How many of you reading this already have resolutions in mind that you want to make for the new Year? Next question is how many of you will follow through on the promises you make to yourself? The answer is obvious…, most of us say we will do this that and the other, but the chances are good that less than thirty days into the New Year, many will have reneged on their promises and it’s back to business as usual.
I stopped making New Year’s resolutions a long time ago, and I did so for several reasons: I knew I wouldn’t stick to whatever promise I made to myself, and the truth is, my resolutions were always things that I should’ve wanted to do anyway: like eat right, exercise, practice mindfulness, meditate more…you get the picture.What worked for me to make some of the necessary changes—permanent—was to incorporate some of the recovery principles that I learned in sobriety, and apply them to other areas of my life where I wanted to see change. The principles are just that, principles, so where or how you apply them doesn’t matter. They work because they make a whole lot of sense, and they can help you to bring about the desired changes that you want to see in your own life:
1.) One Day at a Time.
2.) There is No Easier Softer Way.
3.) Find a Spiritual Connection.
There are many more principles and tools that I’ve learned to help me stay away from a drink—one day at a time, and since it’s been twenty-eight years since I’ve had a drink, perhaps there’s something to these suggestions.
One Day At a Time
I could talk about many other principles that have been helpful to me, but let’s take a closer look at the three principles that I mentioned since they are suggestions that anyone can incorporate and apply to their daily lives: One day at a time is one of the most powerful tools that I learned. I keep it on hand and pull it out on a regular basis. Some days, it’s the only thing that helps me to put one foot in front of the next. Regardless of what’s going on, I can make it through one day at a time, and if I must, I can break it down to one hour or even one minute at a time. For example, here’s how it works: we tend to think in absolutes; I will never eat another cream filled donut with that yummy chocolate icing for the rest of the year, or some may even say, the rest of my life. That’s harsh. I don’t know about you, but I love cream filled donuts. The finality of not ever having another donut makes me want to go out and buy several dozens and eat them all right now. That sort of all or nothing thinking would leave anyone screaming, no, no, no, but when we can take a more manageable bite out of things and say, today, I’m not going to eat that cream filled donut, but if I want one tomorrow, I will have one. See, it even sounds better. Less restrictive and not authoritative at all. I’m not suggesting we trick ourselves, but it allows us the opportunity to make a different choice every day, instead of making one big choice that is supposed to last for half the year or longer. It’s not realistic, and from years of maybe trying and failing to stick to a plan, what have you got to lose but try something different?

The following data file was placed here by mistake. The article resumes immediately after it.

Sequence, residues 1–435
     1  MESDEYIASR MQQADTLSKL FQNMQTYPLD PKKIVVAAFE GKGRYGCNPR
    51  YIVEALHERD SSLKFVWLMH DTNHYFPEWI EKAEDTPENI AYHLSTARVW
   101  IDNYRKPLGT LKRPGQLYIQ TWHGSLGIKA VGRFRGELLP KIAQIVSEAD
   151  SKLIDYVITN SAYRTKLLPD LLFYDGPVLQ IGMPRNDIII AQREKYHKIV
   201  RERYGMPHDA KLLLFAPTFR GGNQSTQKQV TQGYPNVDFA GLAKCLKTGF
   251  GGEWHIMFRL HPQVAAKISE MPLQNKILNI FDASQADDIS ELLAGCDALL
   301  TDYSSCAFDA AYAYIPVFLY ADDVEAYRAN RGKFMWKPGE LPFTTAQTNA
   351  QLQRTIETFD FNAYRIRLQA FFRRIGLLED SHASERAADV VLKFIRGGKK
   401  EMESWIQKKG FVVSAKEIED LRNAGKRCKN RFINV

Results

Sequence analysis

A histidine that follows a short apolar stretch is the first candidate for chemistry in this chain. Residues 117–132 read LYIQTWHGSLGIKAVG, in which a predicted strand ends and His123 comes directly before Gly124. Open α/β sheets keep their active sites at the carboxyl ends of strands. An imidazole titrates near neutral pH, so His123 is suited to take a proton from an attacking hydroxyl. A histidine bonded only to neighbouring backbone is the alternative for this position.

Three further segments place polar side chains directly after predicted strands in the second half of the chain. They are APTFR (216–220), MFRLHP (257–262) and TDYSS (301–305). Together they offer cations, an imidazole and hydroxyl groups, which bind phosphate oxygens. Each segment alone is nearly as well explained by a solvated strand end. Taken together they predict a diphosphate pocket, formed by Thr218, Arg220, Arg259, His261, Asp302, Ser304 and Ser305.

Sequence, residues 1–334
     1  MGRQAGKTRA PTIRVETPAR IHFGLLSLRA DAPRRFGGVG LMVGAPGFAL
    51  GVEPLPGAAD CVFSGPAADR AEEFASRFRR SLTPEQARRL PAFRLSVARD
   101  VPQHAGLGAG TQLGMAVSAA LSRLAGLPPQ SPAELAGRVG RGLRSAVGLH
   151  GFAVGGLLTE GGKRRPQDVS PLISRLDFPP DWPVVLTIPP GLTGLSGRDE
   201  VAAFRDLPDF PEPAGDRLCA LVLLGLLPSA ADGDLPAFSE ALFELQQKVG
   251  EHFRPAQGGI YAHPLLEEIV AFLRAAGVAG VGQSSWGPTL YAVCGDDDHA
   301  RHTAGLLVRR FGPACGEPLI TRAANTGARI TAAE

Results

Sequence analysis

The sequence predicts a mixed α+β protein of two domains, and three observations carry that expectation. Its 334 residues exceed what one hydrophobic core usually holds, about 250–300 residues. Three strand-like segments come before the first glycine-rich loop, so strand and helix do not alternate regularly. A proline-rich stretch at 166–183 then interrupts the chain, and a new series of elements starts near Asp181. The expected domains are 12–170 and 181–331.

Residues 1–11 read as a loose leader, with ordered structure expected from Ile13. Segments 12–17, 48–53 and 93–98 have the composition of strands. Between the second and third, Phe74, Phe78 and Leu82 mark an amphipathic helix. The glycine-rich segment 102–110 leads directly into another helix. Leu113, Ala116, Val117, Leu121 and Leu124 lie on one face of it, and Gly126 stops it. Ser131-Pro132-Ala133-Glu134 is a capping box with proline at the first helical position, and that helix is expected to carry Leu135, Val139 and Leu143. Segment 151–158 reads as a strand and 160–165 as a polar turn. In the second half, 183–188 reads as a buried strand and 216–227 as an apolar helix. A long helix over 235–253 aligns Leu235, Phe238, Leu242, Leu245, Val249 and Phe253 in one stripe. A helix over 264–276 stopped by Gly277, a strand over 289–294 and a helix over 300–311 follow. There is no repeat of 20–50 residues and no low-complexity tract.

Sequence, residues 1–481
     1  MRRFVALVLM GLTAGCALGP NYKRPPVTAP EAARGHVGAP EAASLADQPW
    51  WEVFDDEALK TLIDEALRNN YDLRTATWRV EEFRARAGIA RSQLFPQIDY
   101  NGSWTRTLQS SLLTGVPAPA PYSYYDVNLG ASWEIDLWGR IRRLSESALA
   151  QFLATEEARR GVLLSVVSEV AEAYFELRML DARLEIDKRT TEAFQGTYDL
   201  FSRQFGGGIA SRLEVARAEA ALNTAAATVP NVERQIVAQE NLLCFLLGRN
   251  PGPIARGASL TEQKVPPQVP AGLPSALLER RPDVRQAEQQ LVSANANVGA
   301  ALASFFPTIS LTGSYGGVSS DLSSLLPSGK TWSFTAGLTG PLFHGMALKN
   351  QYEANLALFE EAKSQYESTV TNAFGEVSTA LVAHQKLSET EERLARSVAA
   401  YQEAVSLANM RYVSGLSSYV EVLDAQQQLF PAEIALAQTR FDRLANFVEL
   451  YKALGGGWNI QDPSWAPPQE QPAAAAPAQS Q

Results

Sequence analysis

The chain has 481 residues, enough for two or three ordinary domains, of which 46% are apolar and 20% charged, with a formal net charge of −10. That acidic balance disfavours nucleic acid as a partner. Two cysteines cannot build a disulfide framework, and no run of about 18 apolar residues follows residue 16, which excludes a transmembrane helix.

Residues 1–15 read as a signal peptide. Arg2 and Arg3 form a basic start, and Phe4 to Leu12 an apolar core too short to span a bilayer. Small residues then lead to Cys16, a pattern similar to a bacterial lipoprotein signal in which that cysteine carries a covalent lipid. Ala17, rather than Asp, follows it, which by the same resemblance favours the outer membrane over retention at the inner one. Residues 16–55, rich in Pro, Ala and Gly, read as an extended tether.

There is No Easier Softer Way